By Andrew Hamlin
Northwest Asian Weekly
I had to laugh at the first review I found of this latest installment of the “Ip Man” saga, available from Magnet Releasing on Dec. 11. The reviewer suggested that nobody in the film looked like a real fighter.
And that’s worth a guffaw, since whatever the film’s flaws (a slightly too-pat martial arts story curve tucked inside historical intrigue), every fighter in the film looks very much like a real fighter. Dennis To, who competed in wushu tournaments before he ever accepted dramatic film roles—and was at one point the youngest wushu champion in Hong Kong—is seemingly everywhere in the thick of battle, throwing out every limb in combinations which seem (but of course aren’t) completely spontaneous. The fight choreography from Sun Fei makes elegant sense, which is more than I can say for a lot of action films, which seem to put the camera in too close, pull it out too far, or point it at some trivial bit of a larger exercise.
The underpinnings of the story here (the third outing for To as Ip Man) make such an interesting tale, historically, that I almost wished director Li Liming and his co-screenwriter, Shi Chingshui, had opted for a more realistic tack. The Wing Chun master, best known to modern eyes and ears as the man who taught Bruce Lee, really did work as a police officer in his native Foshan starting in 1917. And he really did teach the Wing Chun fighting style to friends, family, and some of his fellow officers.
Not surprisingly, though, realism goes out the window under the gun of martial arts action. Ip Man has to fight his way through a crowd of assassins—and these particular assassins carry deadly weapons. Ip Man has to face insurmountable odds to defeat seemingly-undefeatable warriors. The challenges, all standard orders of business in such a screen story, at least come off fresh and exhilarating. Director Li manages a fresh wrinkle by rapid cutting between one of the film’s set-piece fights, and Ip Man’s steadfast wife Cheung Wing-sing (played by Chang Qinyuan) delivering their oldest child: A wry juxtaposition between the struggle of birth and a struggle to the death.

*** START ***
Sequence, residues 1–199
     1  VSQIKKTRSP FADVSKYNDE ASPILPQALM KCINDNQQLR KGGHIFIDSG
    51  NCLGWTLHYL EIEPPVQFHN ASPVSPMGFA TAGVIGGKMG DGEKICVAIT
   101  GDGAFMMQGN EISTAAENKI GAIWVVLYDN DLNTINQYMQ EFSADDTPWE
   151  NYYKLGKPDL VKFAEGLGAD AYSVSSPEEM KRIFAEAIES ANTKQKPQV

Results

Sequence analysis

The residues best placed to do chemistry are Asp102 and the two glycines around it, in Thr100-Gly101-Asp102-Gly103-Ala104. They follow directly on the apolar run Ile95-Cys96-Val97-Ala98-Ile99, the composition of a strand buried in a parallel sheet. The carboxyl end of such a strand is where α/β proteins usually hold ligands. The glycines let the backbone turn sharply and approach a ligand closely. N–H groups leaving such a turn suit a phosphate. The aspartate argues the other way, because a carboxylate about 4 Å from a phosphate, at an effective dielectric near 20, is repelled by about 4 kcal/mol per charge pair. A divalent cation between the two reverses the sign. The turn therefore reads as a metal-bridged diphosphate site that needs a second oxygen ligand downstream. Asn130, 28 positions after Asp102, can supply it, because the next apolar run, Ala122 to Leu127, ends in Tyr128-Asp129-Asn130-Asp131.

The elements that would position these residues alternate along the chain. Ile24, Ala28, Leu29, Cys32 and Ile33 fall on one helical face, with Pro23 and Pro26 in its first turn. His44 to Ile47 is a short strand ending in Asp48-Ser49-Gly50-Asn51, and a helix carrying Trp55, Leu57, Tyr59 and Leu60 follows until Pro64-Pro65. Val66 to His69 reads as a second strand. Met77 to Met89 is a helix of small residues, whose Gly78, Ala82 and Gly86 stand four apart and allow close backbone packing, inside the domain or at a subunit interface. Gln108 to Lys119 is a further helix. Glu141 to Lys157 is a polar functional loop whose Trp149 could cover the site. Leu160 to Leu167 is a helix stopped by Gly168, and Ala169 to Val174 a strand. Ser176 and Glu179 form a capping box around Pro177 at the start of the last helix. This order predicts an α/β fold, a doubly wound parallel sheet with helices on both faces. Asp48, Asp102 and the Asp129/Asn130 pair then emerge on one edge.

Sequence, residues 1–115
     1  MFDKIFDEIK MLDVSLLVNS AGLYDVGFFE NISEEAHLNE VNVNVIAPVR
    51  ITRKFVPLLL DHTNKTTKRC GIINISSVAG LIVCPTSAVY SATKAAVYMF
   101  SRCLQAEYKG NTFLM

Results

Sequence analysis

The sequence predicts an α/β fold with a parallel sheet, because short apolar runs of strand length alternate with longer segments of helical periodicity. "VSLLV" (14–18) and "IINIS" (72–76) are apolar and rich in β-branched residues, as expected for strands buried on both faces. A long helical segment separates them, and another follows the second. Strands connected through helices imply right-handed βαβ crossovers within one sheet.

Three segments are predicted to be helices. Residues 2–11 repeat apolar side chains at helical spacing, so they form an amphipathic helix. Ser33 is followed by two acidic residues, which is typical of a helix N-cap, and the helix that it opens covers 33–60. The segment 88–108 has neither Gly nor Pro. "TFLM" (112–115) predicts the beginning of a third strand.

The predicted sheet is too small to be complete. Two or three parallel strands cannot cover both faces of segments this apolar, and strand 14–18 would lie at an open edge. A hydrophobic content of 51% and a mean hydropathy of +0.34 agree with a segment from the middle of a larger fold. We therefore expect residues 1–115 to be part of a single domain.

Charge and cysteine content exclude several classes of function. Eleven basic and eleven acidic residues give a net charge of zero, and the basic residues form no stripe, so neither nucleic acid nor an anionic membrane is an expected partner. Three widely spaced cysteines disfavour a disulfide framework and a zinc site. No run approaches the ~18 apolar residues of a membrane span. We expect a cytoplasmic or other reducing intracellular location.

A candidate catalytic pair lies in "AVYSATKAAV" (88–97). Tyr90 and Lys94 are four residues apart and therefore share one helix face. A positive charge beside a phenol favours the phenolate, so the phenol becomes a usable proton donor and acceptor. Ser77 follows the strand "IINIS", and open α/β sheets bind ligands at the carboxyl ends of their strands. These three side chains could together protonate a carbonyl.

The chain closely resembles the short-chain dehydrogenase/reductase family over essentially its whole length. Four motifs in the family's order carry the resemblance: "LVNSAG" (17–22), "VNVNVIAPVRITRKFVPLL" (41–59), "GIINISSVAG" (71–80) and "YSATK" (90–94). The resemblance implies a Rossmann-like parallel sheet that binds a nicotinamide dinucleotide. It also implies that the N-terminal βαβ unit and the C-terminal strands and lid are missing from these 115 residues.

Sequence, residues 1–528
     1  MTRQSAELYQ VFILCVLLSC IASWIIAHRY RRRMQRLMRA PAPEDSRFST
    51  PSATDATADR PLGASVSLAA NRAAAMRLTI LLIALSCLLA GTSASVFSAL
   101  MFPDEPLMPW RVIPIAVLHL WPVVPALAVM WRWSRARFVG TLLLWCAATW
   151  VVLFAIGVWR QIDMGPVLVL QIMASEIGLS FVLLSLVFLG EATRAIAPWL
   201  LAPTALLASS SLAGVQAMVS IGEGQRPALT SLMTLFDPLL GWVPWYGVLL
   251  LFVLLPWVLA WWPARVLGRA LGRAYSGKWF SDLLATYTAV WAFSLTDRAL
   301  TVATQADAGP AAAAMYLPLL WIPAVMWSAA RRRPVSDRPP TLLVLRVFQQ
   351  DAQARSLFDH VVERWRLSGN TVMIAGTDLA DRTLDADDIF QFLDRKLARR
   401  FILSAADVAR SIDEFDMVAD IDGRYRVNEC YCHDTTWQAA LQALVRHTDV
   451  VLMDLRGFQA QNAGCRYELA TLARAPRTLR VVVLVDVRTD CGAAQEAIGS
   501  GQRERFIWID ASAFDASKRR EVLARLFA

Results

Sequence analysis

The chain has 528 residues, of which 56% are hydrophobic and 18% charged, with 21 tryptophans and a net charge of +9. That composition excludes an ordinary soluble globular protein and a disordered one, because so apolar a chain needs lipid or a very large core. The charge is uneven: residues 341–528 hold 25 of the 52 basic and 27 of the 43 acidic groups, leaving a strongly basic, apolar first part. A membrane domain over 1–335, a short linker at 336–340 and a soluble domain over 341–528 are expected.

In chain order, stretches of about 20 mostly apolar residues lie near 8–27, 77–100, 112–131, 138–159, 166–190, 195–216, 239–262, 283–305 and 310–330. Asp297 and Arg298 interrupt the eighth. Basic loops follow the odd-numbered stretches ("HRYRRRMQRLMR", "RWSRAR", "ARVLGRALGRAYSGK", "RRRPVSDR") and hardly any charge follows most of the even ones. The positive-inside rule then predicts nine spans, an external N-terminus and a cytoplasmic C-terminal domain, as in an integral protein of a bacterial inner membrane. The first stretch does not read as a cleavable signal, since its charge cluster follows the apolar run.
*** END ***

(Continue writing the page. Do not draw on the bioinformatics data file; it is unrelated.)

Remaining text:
Further complications ensue. Some revolve around a Chinese gangster boss found dead in his cell. Ip Man gets the blame, and the gangster’s daughter, Qingchuan (Yuan Li Ruo Xin), vows revenge. Western audiences probably won’t know Yuan Li Ruo Xin, with only two earlier films under her belt. But her steely fury and nuanced fighting skills (bolstered by a lifetime of ballet training) make her one of the film’s most commanding presences. Her single-mindedness renders her extremely dangerous, and she doesn’t always reason through her actions. But in battle, she’s never less than breathtaking.
Also, in another nod to history, the Japanese begin showing up in Foshan, as they did elsewhere in China. And they begin making their preferences known. The script gets some mileage out of the Japanese officials’ strutting pride in their own karate fighting style, and how Chinese fighting styles could never equal such mastery. All of them have another thing coming, of course.
And the film, at a brisk (not-quite) 90 minutes, gets to the big finish quickly and easily. I wished for more historical accuracy. I wished for a greater understanding of the period, the setting, and Ip Man’s fascinating life. But the “Kung Fu Master” movies know what it has to do to entertain, and it hits all of its marks. I just wonder if I’m the only one left hoping for just a little bit extra, a deeper bite to its vitality.
Andrew can be reached by firstname.lastname@example.org.